Already disbarred and fired by an esteemed Minneapolis law firm, Michael Margulies is accused of embezzling up to $2 million to renovate his St. Paul mansion.
A partner at an esteemed Minneapolis law firm lost his job, agreed to be disbarred and is likely to face federal criminal charges for stealing as much as $2 million from a half-dozen clients, according to documents, his former employer and his lawyer.
Michael S. Margulies, 56, who specialized in real estate law for the Lindquist & Vennum firm, also resigned last week from his long-held seat on the St. Paul Planning Commission and from the board of the Children's Theater Company of Minneapolis.
His bosses became suspicious recently after learning that he had double-billed a client. When the client alerted Margulies, he delayed repaying them, said the law firm's managing partner, Daryle Uphoff.
Then the firm discovered that the 26-year employee also had submitted false expense reports for dinners.
"We said, 'Wait a minute, we've got to really dig here,'" Uphoff said.
Margulies' ethics lawyer, Eric Cooperstein, said his client is "likely" to face federal charges and agreed to the disbarment to minimize fallout on others from his behavior.
"It's very clear he was acting alone," Cooperstein said. He said fighting disbarment would have been futile because of extensive documentation. "There's a trail of where money went," he said.
Margulies primarily used the money for extensive renovations at 516 Summit Av., a historic brick mansion in St. Paul that he shared with his wife until they were divorced last year, according to a Ramsey County District Court lawsuit filed late last week by CMB Minnetonka, a development firm that was among his clients.
His ex-wife, Jeanne Forneris, however, issued a statement through her lawyer disputing that any "ill-begotten funds" had been used on the home, which is now in her name. "We intend to vigorously defend against CMB's allegations," wrote her lawyer, Joseph Anthony.
The four-bedroom, 4 1/2-bathroom home, built in 1914, is assessed at $1.5 million for 2011 and is on the market for $1.75 million.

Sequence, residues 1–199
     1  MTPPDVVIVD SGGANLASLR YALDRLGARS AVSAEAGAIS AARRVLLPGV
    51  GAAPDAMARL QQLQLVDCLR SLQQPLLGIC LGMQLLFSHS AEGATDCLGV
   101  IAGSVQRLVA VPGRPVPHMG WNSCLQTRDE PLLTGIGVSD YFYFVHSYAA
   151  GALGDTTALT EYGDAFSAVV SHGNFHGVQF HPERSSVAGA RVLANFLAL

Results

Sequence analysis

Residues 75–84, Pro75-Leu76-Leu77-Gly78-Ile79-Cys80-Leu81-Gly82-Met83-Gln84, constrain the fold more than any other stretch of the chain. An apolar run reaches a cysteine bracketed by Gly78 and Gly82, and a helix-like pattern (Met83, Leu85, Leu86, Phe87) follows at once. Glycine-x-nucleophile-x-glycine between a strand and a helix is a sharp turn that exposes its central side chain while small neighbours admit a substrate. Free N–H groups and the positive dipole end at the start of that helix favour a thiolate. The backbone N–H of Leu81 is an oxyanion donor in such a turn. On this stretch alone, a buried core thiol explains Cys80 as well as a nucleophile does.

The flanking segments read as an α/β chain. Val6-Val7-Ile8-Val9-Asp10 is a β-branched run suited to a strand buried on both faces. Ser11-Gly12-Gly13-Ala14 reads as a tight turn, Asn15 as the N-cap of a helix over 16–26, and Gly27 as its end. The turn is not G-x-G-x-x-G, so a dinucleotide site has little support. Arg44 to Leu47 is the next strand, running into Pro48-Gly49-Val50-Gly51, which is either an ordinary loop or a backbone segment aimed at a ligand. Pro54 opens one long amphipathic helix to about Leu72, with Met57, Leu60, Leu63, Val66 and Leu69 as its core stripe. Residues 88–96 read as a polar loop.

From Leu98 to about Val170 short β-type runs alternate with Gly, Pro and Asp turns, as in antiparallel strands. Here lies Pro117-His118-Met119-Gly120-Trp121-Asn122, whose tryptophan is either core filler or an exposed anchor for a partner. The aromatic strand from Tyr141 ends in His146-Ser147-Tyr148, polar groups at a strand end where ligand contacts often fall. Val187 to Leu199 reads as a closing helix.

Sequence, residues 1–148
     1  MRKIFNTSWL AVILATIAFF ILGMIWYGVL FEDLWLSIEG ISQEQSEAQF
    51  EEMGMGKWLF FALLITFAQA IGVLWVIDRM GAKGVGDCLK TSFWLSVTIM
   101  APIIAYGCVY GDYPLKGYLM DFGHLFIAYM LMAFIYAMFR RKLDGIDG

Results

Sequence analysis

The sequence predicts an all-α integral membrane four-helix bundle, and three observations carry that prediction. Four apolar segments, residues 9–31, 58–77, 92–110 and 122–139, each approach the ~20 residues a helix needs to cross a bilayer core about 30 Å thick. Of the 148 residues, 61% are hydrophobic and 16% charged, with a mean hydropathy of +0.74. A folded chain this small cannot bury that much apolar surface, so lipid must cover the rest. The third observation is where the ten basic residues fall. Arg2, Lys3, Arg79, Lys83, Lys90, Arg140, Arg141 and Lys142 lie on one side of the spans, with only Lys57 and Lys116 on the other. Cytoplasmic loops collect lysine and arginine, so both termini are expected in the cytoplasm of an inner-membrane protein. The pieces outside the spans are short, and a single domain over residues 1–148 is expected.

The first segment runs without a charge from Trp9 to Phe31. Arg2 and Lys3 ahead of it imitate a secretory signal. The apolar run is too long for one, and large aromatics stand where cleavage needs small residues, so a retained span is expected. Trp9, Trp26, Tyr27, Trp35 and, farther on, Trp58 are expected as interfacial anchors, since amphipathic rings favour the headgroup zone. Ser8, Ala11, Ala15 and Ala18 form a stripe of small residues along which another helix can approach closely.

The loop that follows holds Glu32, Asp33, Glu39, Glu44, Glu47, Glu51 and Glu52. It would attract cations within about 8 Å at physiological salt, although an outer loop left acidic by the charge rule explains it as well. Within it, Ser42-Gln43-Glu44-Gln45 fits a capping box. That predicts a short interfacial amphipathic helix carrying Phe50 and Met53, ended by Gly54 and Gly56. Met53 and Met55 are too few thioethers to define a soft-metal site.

The law firm fired Margulies on March 15. An investigation found he had established Triad, a phony business through which he stole clients' money, Uphoff said, adding that it's believed Margulies stole roughly $2 million.
Uphoff said the firm demanded that Margulies report himself to the State Office of Lawyers Professional Responsibility. It recommended he be disbarred, and he agreed, according to documents filed with office.
The law firm also handed over documents to the U.S. attorney's office and met with FBI agents as recently as last Thursday, Uphoff said.
Forneris, general counsel for Minnetonka-based American Medical Systems, was a vice president at Fridley-based Medtronic until February. Lawyer Anthony's statement said there is no evidence or allegation that she was involved in or aware of her ex-husband's activities.
In its lawsuit, CMB claims Margulies embezzled to pay liens or mortgages on the Summit Avenue home and to finance additions and improvements. CMB was set up to develop a parcel near Ridgedale Mall. The lawsuit contends Margulies funneled CMB's money into an account for Triad.
Doug Elsass, representing CMB, seeks to establish a trust with proceeds from the home's sale until CMB can be repaid what was stolen, plus damages and attorney fees. "It's in everybody's interests the proceeds come out of this property," Elsass said.
Margulies had been licensed to practice law in Minnesota since 1978. He started working with and stealing from CMB in 2002, the lawsuit alleges.
Uphoff noted that Margulies' dealings went undiscovered because they were done off of the firm's books and didn't show up in routine audits.
"He was extremely clever," Uphoff said. "We are stunned, of course. Dismayed. We're not aware of any one incident that pushed him over the edge, but apparently this has gone on for a long time."
"He's seeking counseling," Cooperstein said. "He needs to figure out for himself what led to all of this." Margulies' criminal lawyer, Joe Friedberg, said, "I have no comment."
Margulies is the second partner in a top-flight Minneapolis law firm to be forced out in recent months. Former Gray Plant Mooty partner Aaron Biber has been unaffiliated with that firm since he was charged in December with raping a drunken 15-year-old boy. He is set to go on trial in Hennepin County in July.
Rochelle Olson • 612-673-1747